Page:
Book Review: The Eighty Dollar Champion, by Elizabeth Letts
The Eighty-Dollar Champion: Snowman, the Horse That Inspired a Nation
As a little girl growing up in Harlem in the 1950s, peddlers in horse-drawn wagons were always a happy sighting. Elizabeth Letts’ book, “The Eighty-Dollar Champion: Snowman, The Horse that Inspired a Nation,” took me back to those days, when horses were still part of both rural, and urban life.
The setting for Letts’ feel-good horse story is Long Island, NY, right after WWII. The main character, Harry de Leyer, a Dutch immigrant and Snowman’s owner, reminded me of another hardworking European immigrant. His name was Abe, and from his wagon, he sold vegetables on our street, and treated his gentle horse like a prince. In the late 1950s, it wasn’t uncommon for men like Abe and Harry de Leyer to make a living, and a new life, in their new country, with the help of a horse.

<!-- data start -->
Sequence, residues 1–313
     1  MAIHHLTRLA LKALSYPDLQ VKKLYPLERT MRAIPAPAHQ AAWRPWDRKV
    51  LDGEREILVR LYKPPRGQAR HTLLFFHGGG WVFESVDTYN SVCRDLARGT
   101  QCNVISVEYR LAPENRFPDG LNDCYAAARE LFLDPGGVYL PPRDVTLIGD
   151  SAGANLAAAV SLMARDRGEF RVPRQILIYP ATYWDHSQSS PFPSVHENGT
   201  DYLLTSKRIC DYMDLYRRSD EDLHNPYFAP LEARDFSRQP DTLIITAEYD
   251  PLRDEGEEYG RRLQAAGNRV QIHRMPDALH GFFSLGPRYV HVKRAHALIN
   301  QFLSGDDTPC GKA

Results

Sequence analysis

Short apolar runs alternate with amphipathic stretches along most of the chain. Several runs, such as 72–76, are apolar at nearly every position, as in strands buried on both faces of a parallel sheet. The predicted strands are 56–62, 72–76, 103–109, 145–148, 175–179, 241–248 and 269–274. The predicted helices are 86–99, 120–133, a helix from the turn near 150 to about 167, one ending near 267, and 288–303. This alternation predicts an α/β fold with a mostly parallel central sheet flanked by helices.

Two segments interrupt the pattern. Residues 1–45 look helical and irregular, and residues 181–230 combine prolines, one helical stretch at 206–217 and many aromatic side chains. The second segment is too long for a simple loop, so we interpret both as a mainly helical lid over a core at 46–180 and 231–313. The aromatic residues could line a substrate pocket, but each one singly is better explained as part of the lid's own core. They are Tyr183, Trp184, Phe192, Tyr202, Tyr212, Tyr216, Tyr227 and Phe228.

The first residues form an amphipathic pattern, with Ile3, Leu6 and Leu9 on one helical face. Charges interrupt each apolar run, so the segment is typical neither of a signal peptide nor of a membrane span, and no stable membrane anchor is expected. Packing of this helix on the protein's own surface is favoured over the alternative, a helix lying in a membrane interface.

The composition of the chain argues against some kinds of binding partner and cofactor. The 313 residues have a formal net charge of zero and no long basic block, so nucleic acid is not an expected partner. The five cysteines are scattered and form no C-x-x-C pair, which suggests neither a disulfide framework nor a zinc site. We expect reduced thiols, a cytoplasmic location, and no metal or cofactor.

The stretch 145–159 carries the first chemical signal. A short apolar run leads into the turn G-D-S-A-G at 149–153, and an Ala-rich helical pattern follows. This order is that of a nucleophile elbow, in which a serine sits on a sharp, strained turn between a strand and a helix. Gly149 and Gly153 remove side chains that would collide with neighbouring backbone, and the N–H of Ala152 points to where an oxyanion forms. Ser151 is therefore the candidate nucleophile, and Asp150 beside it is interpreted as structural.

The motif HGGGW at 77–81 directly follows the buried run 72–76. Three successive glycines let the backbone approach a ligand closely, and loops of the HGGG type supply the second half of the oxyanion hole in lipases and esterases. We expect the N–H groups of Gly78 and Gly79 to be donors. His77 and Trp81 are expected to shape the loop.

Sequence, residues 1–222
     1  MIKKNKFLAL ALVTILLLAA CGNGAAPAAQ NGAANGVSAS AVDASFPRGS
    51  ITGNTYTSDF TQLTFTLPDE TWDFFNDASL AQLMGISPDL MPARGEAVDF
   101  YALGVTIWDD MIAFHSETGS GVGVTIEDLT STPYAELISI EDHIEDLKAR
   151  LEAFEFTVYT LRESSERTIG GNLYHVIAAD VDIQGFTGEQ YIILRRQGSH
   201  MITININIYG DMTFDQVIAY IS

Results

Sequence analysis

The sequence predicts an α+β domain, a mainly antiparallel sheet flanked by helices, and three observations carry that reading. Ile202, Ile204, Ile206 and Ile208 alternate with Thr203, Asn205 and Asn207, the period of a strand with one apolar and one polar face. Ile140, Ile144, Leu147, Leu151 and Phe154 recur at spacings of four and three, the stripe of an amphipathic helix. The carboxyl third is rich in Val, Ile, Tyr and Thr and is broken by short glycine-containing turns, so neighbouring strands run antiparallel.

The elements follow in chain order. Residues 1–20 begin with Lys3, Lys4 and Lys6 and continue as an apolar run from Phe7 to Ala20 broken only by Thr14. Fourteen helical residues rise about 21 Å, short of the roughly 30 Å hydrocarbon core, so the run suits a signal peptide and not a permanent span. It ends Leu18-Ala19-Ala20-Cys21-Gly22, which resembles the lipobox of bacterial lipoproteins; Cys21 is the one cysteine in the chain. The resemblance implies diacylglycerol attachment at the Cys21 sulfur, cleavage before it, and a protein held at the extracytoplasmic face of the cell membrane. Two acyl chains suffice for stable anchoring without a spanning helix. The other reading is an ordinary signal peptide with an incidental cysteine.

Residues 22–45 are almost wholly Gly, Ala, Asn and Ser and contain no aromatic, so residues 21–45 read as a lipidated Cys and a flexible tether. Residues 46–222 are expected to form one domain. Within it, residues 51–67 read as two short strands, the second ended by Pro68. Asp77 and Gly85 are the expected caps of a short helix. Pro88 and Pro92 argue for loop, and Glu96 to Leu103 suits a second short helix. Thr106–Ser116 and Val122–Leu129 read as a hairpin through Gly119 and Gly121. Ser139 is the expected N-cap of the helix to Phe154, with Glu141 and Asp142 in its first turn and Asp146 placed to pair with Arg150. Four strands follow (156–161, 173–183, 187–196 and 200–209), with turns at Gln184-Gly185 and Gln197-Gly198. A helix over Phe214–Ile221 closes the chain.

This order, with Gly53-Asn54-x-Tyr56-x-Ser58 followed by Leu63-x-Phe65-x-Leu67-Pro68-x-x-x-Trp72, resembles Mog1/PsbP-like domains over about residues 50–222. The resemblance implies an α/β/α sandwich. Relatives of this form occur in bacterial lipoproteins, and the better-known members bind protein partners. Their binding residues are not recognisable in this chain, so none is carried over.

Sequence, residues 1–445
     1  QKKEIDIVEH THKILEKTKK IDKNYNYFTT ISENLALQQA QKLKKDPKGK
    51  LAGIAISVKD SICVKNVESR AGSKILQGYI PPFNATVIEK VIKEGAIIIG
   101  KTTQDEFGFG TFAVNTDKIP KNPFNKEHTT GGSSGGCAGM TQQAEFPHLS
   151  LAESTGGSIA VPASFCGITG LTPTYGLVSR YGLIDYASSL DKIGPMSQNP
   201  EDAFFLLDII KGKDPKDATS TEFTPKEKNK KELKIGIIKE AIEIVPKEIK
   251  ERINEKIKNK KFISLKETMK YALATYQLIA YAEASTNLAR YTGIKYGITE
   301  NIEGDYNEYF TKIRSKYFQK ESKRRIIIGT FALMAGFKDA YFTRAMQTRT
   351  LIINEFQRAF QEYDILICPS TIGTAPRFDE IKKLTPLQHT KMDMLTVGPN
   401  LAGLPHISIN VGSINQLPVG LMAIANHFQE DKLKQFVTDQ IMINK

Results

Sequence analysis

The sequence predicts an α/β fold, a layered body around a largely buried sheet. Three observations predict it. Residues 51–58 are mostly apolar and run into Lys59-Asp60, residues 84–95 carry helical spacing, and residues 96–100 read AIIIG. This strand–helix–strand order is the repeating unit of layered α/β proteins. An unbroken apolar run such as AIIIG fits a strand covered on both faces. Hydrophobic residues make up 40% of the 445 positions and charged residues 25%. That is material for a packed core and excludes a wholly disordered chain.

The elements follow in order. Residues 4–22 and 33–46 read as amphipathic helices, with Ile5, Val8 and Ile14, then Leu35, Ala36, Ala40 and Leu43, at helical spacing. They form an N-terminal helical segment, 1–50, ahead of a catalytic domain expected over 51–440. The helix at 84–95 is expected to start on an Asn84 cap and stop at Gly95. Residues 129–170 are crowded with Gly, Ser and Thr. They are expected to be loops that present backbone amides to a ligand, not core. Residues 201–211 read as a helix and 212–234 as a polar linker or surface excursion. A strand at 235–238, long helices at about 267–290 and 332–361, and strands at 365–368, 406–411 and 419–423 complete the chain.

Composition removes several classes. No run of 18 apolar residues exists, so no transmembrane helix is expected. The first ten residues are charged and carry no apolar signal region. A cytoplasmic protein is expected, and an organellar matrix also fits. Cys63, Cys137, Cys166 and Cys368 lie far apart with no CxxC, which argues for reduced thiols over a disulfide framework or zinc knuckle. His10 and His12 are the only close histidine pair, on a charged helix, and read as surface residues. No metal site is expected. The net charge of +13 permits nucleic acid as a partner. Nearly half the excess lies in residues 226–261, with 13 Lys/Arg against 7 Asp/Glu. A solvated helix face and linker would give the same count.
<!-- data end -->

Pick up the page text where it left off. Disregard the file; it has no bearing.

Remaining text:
Harry, along with his talented and plucky horse, loved competing annually in the National Horse Show at Madison Square Garden. During the 1950s, I too loved my yearly visits to the Garden to see the Barnum and Bailey Circus. Letts’ description of the Garden was right-on, especially when she says: “For all the glory upstairs in the Garden, the basement was a sorry excuse for a stabling area. The ventilation was famously poor, and made worse by people who ignored the no smoking rule. This,” Letts further adds, “was also where they housed… nervous, high strung horses who paw the dirt in their narrow, constricted stables.”
The actual circus, like the Horse Show, performed upstairs in the arena, but a circus fan’s first stop was always in the cramped basement to see the sideshow. And, just as the Horse Show’s expensive thoroughbreds and jumpers lived in the basement, the circus animals also boarded down there. Each year I’d see the elephants changed by their ankles, lethargic bears, and riled up lions and tigers nervously pacing in small cages.
America was not always a happy place during the Cold War era, but once readers get past Letts’ troubling description of animal quarters at Madison Square Garden, “The Eighty Dollar Horse” takes you to a happier place.